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Diagn Microbiol Infect Dis. 1997 Aug;28(4):165-71.

Antimicrobial resistance and serotypes of Shigella isolates in Kigali, Rwanda (1983 to 1993): increasing frequency of multiple resistance.

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  • 1Centre Hospitalier de Kigali, Rwanda.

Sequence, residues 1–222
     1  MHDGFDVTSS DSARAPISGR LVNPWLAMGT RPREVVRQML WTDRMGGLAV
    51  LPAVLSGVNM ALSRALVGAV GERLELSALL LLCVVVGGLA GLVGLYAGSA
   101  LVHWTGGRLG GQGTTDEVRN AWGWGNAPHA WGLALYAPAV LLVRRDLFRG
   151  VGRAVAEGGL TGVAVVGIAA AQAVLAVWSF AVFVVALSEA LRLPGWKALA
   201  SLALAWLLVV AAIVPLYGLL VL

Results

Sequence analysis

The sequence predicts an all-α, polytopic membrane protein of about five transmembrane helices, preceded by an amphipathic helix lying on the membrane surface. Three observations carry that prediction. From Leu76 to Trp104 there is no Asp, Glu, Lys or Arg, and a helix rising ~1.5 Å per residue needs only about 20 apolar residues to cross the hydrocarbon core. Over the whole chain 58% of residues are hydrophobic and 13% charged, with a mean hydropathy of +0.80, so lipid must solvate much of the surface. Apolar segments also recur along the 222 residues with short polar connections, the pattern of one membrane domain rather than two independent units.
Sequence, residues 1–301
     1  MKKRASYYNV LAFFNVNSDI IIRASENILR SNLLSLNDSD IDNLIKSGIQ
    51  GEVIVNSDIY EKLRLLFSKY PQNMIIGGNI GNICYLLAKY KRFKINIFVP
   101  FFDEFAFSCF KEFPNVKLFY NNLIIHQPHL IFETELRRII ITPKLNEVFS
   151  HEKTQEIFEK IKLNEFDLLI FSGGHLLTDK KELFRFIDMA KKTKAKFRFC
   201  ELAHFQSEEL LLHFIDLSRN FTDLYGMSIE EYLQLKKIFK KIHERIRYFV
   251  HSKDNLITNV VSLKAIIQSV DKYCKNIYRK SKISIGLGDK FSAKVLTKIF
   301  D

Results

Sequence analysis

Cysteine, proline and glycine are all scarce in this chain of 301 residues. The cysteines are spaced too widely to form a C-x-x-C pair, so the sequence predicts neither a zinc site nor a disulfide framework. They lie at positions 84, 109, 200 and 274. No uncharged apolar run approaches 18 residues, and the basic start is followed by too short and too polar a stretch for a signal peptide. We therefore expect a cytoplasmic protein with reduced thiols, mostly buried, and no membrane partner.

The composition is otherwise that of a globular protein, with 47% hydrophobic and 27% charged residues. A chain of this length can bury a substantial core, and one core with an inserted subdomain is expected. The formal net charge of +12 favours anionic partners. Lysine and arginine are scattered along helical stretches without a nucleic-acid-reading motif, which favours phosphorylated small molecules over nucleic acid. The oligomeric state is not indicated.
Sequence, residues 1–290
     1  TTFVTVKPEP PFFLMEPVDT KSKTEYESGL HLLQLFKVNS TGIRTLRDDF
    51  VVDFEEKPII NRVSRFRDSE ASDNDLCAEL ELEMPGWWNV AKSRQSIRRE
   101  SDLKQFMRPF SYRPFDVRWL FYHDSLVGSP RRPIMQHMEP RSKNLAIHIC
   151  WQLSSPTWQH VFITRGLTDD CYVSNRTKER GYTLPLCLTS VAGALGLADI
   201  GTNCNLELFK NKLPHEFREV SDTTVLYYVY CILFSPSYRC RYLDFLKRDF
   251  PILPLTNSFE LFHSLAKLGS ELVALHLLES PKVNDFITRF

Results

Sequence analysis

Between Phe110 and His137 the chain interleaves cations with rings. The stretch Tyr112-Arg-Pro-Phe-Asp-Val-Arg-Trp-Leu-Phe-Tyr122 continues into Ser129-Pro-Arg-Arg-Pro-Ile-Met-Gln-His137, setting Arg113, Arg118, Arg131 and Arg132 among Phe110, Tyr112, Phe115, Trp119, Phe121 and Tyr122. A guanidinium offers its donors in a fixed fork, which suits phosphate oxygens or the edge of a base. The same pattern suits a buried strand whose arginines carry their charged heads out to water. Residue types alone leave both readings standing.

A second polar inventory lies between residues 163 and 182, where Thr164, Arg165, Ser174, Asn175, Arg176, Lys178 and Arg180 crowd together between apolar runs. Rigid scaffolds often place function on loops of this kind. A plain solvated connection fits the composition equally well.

The serotype distribution and susceptibility to nine antibiotics was determined for 2491 Shigella isolates cultured in the medical laboratory of the Centre Hospitalier de Kigali, Rwanda, during 1983 to 1993. Overall, Shigella flexneri was the most frequent species, ranking before Shigella sonnei, Shigella boydii, and Shigella dysenteriae. However, the relative frequency of the different Shigella spp. showed an important variability over time. S flexneri increased from 40% in 1983 to 68% of the isolates in 1993 whereas S. dysenteriae Type 1 decreased gradually from 30 to 0.5% of the isolates in 1992. After the outbreak of severe civil unrest, which caused the displacement of many people to the capital, a new epidemic of dysentery started in the Kigali area and S. dysenteriae Type 1 accounted again for 24% of the isolates in 1993. In 1983, resistance to tetracycline, streptomycin, and sulfonamides was common among the endemic Shigella spp. Resistance to chloramphenicol was observed in 17% (30/182) of the isolates. Only 10% were resistant to ampicillin and an equal proportion to trimethoprim, whereas 5% of the isolates showed resistance to both products. By 1993, 66% (195/295) of the isolates were resistant to chloramphenicol (for comparison with 1983, p < 0.001), 70% (207/295) to ampicillin (p < 0.001), 67% to trimethoprim (p < 0.001), and 58% had combined resistance to the latter two drugs (p < 0.001). Resistance patterns differed strongly by species, S. flexneri being more frequently resistant than S. sonnei. In 1983, all S. dysenteriae Type 1 isolates were resistant to ampicillin, chloramphenicol, tetracycline, and sulfonamides. Trimethoprim resistance increased from 31% (25/80) in 1983 to 96% (26/27) of the isolates in 1986 (p < 0.001). After the introduction of nalidixic acid as an alternative for trimethoprim-sulfamethoxazole, trimethoprim resistance decreased to 87%, during 1987 to 1992, and subsequently to 68% of the isolates in 1993. However, 20% of the isolates became resistant to nalidixic acid in 1993. Ampicillin and trimethoprim-sulfamethoxazole are no longer useful for the empirical treatment of shigellosis in Rwanda.

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